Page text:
SMAD. An Organ of Student Opinion. 1935. Volume 6. Number 11.
Dressing a Book
Dressing a Book.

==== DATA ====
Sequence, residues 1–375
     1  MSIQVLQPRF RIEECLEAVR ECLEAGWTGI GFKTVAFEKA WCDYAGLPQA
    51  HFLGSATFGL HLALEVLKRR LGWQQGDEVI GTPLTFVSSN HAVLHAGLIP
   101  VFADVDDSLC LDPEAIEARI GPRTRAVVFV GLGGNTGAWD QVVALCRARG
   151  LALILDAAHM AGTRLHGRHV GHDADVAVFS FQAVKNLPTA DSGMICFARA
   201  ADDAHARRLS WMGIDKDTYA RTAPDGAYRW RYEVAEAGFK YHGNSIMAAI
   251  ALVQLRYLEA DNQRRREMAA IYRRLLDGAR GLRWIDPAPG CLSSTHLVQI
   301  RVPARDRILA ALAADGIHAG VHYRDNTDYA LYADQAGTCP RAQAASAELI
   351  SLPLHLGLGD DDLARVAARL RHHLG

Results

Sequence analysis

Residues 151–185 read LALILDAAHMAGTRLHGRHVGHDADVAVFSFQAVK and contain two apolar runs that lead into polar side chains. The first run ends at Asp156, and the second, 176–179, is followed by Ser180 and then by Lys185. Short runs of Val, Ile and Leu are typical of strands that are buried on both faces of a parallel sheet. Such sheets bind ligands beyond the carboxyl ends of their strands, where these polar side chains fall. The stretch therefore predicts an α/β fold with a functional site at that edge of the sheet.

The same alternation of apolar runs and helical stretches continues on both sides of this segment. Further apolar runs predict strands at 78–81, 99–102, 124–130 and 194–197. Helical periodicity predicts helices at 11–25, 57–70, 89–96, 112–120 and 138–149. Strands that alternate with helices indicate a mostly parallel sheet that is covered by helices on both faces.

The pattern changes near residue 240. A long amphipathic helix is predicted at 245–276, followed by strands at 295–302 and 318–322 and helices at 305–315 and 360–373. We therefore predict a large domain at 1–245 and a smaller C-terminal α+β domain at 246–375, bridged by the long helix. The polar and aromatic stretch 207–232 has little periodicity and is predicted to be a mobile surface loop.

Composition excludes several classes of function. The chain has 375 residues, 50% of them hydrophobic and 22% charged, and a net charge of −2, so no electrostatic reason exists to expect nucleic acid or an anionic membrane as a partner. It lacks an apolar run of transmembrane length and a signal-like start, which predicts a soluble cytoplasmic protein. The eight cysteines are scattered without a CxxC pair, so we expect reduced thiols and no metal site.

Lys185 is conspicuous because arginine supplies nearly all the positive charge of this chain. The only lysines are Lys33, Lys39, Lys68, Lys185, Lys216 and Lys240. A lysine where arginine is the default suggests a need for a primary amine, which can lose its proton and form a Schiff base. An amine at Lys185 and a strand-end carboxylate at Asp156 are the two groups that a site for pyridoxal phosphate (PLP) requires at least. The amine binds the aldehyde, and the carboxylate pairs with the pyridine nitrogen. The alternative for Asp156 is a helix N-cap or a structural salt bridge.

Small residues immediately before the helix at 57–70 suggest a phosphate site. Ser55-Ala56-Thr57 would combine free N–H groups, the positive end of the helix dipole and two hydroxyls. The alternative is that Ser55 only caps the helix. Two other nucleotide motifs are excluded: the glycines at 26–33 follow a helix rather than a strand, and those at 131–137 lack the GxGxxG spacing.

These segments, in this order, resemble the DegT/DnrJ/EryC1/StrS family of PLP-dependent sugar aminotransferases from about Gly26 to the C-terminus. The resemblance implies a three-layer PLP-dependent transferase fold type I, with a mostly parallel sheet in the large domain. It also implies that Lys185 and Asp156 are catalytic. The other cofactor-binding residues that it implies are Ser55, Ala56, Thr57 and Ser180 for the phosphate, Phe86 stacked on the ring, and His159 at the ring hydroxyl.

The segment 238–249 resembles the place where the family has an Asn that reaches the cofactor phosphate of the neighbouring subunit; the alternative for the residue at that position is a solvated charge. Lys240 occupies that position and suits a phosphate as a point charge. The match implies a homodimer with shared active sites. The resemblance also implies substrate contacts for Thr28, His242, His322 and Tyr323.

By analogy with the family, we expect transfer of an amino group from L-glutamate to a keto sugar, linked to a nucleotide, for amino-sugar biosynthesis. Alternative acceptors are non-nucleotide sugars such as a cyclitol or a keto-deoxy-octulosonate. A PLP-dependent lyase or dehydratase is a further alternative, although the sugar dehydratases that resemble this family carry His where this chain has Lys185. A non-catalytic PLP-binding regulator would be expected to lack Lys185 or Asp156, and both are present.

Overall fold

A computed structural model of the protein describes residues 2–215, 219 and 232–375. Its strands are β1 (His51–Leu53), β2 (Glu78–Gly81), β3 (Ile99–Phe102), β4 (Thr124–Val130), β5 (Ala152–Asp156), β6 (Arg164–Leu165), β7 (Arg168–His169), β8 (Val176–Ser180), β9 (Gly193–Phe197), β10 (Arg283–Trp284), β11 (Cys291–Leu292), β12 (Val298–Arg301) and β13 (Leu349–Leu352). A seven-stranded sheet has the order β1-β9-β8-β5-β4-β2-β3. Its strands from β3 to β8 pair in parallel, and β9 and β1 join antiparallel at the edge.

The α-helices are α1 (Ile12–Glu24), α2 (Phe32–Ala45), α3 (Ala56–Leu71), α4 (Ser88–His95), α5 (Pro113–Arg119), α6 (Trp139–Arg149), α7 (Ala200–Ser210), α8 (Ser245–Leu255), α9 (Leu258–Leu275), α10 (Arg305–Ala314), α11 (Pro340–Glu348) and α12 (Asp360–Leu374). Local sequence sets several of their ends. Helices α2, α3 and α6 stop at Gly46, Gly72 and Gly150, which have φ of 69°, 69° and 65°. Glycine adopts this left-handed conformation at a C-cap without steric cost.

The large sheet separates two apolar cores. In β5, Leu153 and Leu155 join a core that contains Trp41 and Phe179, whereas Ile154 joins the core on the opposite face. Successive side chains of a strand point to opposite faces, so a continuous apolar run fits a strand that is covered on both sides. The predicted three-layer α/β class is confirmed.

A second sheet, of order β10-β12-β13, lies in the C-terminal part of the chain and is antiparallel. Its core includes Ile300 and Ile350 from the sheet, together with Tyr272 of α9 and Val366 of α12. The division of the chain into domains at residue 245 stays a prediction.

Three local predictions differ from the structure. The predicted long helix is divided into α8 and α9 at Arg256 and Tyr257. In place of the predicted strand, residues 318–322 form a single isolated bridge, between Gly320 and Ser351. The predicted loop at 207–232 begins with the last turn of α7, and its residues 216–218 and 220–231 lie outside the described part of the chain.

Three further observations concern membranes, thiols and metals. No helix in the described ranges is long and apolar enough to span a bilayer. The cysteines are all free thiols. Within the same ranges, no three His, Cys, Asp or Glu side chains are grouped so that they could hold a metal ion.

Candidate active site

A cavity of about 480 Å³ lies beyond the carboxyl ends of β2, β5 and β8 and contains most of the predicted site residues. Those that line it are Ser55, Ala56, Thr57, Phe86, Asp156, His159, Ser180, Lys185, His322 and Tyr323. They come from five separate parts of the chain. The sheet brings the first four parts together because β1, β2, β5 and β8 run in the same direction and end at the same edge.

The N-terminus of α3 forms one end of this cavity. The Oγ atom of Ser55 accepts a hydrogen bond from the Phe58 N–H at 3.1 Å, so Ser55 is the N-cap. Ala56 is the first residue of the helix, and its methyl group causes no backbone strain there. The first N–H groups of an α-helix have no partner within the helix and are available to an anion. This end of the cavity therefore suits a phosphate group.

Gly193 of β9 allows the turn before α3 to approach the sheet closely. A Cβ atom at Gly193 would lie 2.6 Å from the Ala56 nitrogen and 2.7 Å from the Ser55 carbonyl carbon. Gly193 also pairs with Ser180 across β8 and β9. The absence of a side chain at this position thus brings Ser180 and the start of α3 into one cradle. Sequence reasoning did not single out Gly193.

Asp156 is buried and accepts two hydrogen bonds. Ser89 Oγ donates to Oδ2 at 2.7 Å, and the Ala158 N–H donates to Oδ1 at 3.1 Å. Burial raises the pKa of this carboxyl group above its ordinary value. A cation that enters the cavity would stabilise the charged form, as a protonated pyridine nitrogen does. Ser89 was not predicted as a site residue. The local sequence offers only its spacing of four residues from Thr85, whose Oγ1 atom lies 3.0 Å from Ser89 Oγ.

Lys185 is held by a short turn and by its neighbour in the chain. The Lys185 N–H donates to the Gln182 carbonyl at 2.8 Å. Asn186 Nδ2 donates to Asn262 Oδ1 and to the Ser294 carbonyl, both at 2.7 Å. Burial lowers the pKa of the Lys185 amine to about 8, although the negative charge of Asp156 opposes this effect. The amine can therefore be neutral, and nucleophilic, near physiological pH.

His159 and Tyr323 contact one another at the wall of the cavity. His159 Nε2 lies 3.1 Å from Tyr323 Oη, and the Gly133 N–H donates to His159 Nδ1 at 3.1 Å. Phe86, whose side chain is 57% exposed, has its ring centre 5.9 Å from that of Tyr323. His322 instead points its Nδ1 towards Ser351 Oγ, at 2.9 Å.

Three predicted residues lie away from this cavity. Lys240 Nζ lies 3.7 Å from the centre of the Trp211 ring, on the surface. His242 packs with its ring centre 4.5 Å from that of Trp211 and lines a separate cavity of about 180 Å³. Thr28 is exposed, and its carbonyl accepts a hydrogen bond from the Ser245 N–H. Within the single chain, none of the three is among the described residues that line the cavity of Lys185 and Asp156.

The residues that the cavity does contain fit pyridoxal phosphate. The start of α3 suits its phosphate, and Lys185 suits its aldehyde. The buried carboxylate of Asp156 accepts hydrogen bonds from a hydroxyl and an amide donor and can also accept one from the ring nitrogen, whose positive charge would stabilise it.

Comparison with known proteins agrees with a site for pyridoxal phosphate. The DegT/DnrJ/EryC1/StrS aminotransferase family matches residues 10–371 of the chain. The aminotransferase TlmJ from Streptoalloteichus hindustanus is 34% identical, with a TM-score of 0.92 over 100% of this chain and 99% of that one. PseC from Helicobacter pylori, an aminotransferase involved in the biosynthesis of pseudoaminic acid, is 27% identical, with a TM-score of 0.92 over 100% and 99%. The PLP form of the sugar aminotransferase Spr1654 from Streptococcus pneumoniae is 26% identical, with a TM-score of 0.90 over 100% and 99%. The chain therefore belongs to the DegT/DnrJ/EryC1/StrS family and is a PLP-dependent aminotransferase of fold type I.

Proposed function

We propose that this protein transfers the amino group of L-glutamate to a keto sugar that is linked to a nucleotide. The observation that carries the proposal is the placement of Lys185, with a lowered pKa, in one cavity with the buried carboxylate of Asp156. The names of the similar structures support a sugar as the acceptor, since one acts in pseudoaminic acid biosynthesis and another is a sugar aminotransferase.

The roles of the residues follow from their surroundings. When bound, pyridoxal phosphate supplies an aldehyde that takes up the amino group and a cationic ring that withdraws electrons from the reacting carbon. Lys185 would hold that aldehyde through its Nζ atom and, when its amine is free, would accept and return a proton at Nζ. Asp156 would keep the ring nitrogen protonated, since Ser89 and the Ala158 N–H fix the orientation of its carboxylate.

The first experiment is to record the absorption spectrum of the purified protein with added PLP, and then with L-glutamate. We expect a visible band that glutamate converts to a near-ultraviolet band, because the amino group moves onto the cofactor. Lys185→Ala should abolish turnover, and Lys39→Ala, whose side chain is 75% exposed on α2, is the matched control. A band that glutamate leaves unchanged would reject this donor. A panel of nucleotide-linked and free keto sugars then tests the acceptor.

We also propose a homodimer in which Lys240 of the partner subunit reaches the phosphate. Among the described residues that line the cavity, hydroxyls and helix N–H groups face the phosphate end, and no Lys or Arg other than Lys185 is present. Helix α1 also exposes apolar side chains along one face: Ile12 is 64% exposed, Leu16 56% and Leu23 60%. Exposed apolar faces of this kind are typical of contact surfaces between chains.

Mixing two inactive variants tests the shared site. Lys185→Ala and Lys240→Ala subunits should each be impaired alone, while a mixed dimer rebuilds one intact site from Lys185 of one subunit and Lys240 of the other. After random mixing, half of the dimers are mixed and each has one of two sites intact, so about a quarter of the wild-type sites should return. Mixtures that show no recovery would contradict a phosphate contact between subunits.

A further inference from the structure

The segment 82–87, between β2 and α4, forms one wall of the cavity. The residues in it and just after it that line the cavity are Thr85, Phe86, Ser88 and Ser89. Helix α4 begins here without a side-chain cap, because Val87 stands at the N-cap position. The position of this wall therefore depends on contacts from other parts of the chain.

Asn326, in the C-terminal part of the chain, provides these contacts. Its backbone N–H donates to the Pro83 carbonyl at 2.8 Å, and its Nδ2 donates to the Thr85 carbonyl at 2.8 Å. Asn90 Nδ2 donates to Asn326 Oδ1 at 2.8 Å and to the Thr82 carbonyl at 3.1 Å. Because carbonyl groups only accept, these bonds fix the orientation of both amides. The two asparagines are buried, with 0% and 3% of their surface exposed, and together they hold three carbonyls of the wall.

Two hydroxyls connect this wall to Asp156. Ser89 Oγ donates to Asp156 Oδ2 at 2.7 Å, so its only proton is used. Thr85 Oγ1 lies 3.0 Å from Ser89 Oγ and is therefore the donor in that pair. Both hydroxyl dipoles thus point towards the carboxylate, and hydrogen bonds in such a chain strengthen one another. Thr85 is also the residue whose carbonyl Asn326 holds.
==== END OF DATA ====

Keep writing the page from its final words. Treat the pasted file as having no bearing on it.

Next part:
Mr. Taylor, who has been abroad studying Continental and American bookbinding and printing, then gave us a short history of printing. He showed up an original copy of Plutarch's Lines, and an enormous "Pocket Bible" printed in 1493. So good was the vellum used to bind the book and of such high quality the paper, that these books were still as good as the day they came from the press. He compared them with the New Zealand papers fifty years ago, which were now in a state of decomposition. This high standard of production was not, however, maintained, until we come to the work of Morris and Burne-Jones, in England. We were shown a hand-printed copy of Morte d'Arthur, various types of printing from French firms; an interesting Blake facsimile: two precious volumes of the first edition of words-worth's "lyrical Ballads." these old styles of printing and binding were then compared with recent work from the Lone Such press and the American "Colophon."